A second lawsuit was filed today — this one in federal court — challenging the state's constitutional and statutory bans on same-sex marriage. A state court lawsuit was filed last week by a different lawyer with different plaintiffs.
Today's lawsuit was filed by Jack Wagoner, a Little Rock lawyer, on behalf of two female Little Rock couples who were denied marriage licenses when they applied for them last week at the office of Pulaski County Clerk Larry Crane. A male couple, already married, are also plaintiffs. The suit may be amended to add additional plaintiffs. The case was assigned to Judge Leon Holmes.
The suit names Crane, Gov. Mike Beebe and Attorney General Dustin McDaniel. Beebe has long said he doesn't favor marriage between people of the same sex. McDaniel has been noticeably friendlier to the interests of gay people, including personal opposition to the state initiated act — later ruled unconstitutional — that prevented adoption and foster parenting by gay couples. His office responded to my question about the suit:
We are reviewing the lawsuit and analyzing the propriety of the Attorney General as a party. We do not have any additional comment at this time.
I wrote earlier about Wagoner's interest in filing such a case on a pro bono basis.
The lawsuit says the Arkansas law and constitution violate the equal rights and due process provisions of the U.S. Constitution and asks that the state be enjoined from enforcement. It harkens back to another great civil rights issue. Lawsuits ended the enforcement of racially discriminatory language in Arkansas law that nonetheless remained on the books for decades after.
The lawsuit said plaintiffs Becca and Tara Austin and Rita and Pam Jernigan have long-term partnerships and want to marry because of their love and commitment to each other, but also to provide the security that only legal marriage can provide. Becca and Tara have twin children. Tara is the biological mother. Becca is not considered a parent under Arkansas law, so is unable to have time off for family leave and is unable to include the children on her employer's health insurance, among other obstacles to full parenthood. Rita Jernigan notes that, as a retired teacher, she is unable to treat Pam as other married retirees would and have her receive spouse benefits from the retirement system. That will be so even after Pam and Rita marry this fall as planned.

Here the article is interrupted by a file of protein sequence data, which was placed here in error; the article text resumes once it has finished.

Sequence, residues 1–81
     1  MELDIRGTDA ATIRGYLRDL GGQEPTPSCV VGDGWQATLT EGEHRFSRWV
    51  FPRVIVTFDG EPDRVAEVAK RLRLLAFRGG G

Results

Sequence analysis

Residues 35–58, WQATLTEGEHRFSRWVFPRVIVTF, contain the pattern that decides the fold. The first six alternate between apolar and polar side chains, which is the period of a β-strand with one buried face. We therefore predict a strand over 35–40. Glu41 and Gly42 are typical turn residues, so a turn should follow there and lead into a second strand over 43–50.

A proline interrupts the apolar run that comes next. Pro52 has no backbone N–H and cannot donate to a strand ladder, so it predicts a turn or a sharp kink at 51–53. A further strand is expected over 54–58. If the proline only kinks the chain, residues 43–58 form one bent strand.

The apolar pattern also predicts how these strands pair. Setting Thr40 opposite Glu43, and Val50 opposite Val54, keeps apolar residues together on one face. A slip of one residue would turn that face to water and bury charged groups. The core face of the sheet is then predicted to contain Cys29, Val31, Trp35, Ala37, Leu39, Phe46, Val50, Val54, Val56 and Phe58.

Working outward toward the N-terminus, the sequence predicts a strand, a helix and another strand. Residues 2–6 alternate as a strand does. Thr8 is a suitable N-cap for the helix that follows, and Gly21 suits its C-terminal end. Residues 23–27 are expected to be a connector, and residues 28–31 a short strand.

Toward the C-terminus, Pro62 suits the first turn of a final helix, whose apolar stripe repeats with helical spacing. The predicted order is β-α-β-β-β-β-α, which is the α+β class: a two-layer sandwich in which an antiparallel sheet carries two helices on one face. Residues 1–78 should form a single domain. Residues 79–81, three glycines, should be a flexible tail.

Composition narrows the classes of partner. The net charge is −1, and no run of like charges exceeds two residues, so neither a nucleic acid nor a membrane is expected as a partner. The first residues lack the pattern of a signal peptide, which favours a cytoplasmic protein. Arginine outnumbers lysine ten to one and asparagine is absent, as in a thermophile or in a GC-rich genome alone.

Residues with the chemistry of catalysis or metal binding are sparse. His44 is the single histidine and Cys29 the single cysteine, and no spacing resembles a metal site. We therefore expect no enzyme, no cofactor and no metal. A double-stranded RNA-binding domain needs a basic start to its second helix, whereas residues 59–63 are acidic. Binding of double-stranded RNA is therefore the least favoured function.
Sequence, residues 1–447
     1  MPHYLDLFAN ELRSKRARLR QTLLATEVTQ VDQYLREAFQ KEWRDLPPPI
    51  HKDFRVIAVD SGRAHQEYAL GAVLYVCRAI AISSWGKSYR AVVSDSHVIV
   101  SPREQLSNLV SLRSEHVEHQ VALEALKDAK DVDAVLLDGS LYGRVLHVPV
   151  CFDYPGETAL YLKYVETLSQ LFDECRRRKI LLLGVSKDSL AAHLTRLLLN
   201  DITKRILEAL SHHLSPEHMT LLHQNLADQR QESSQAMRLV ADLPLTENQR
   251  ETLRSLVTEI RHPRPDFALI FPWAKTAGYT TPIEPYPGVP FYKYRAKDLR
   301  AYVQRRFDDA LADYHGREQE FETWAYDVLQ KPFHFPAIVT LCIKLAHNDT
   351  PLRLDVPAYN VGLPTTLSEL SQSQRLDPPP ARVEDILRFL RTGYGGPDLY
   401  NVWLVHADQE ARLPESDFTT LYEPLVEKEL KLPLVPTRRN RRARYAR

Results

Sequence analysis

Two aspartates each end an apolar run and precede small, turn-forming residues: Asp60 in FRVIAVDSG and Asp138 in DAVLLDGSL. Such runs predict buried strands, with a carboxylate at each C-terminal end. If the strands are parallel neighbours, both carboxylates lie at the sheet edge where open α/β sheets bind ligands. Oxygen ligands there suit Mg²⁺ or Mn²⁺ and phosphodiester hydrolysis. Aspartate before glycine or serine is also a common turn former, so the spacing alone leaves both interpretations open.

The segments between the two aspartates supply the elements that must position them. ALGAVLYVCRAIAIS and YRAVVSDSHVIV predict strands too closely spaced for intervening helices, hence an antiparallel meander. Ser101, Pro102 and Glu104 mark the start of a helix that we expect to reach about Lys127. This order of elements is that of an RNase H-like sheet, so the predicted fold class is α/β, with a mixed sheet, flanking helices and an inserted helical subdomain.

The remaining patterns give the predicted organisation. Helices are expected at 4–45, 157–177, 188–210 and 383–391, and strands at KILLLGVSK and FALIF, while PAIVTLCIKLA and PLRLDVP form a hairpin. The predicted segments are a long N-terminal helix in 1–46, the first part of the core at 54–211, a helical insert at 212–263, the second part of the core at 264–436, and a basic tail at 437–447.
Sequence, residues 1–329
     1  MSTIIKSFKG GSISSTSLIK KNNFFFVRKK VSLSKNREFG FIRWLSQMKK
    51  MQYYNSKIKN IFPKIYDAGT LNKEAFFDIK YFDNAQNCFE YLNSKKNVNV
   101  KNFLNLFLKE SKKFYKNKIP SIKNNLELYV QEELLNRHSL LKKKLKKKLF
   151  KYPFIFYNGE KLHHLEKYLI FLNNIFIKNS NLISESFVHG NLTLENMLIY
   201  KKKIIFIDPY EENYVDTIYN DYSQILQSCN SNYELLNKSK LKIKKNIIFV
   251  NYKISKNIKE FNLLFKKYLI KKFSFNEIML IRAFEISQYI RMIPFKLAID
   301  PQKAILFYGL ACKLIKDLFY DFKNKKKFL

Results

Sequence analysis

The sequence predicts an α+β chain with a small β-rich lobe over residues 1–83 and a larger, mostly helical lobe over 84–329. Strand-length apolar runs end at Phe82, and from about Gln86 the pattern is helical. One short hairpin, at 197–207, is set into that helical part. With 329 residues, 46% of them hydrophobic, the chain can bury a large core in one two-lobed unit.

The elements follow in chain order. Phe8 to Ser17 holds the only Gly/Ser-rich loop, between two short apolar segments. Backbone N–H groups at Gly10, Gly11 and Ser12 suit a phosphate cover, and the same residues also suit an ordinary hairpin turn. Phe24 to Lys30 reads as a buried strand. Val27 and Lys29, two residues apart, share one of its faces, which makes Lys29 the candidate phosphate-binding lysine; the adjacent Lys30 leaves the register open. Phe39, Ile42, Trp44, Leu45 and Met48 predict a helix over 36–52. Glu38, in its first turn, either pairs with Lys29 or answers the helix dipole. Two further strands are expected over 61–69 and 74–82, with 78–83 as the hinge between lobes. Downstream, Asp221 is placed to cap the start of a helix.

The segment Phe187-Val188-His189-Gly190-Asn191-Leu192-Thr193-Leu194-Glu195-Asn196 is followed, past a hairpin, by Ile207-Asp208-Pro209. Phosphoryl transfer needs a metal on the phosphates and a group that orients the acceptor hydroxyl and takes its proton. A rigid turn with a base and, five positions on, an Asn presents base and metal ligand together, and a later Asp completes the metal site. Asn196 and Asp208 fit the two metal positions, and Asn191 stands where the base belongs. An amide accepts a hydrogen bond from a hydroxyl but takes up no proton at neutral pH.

Randy and Garry Eddy-McCain, the other plaintiffs were married in New York, but treated as "strangers" under Arkansas law, the suit says.
Wagoner wrote of all plaintiffs:
The situations faced by these couples are similar to those faced by thousands of same-sex coules in the state of Arkansa who are being denied the basic rights that are afforded by marriage. They have cared for one another, supported each other, sacrificed for each other and made plans for the future with each other. They have gone through hardships, illness, joy and success during the course of their relationships. As with other couples that have made a lifetime commitment to each other the plaintiff couples are spouses in every sense, except that Arkansas law says they cannot marry and, even if they are legally married under the laws of another state, Arkansas law says that their marriates are not honored here.
Wagoner's suit relies heavily on Justice Anthony Kennedy's opinion in the ruling striking down a portion of the federal Defense of Marriage Act. His opinion said that the law "demeans the couple, whose moral and sexual choices the Constitution protects." In dissent, Justice Antonin Scalia predicted that such language was a road map to direct challenges of same-sex marriage bans, a decision the court avoided on jurisdictional grounds in allowing invalidation of a marriage ban in California.
Some groups that have been in the forefront of gay rights have begun challenges in other states, but have purposely held back on states, such as Arkansas, that are in judicial circuits where past precedents suggest an uphill legal climb. As I noted earlier, the 8th U.S. Circuit rejected a challenge of the Nebraska same-sex marriage ban in 2006, but it had no Supreme Court, 9th Circuit or other lower federal and state court decisions on which to draw guidance, not to mention legalization of marriage in 13 states, with more on the way.
The lawsuit addresses some of the arguments used by proponents of the ban when it was adopted. It challenges the notion that somehow crime rates would be different among families headed by same-sex couples and says there's no evidence that same-sex marriage does harm to "traditional" marriage of a man and woman. Amendment 83 was merely a ruse to harm an unpopular group, Wagoner argues. He cited expert testimony developed in other cases that blew up the notion that some harm came with allowing people of the same sex to marry. In states where it has become legal, no ill effects have been observed, he said.
I asked Wagoner why he filed a separate suit, with one already pending in state court. He said that the earlier suit relies heavily on the equal rights portion of the Arkansas Constitution, which might have been rendered moot as to marriage by Amendment 83. He said that issue won't arise in a direct challenge under the U.S. Constitution, by which the case on DOMA was decided.
"That is the direct route and the real meat of this issue - whether discrimination against same-sex couples is permissible under the federal Constitution. Windsor [the DOMA case] arguably means that it is not."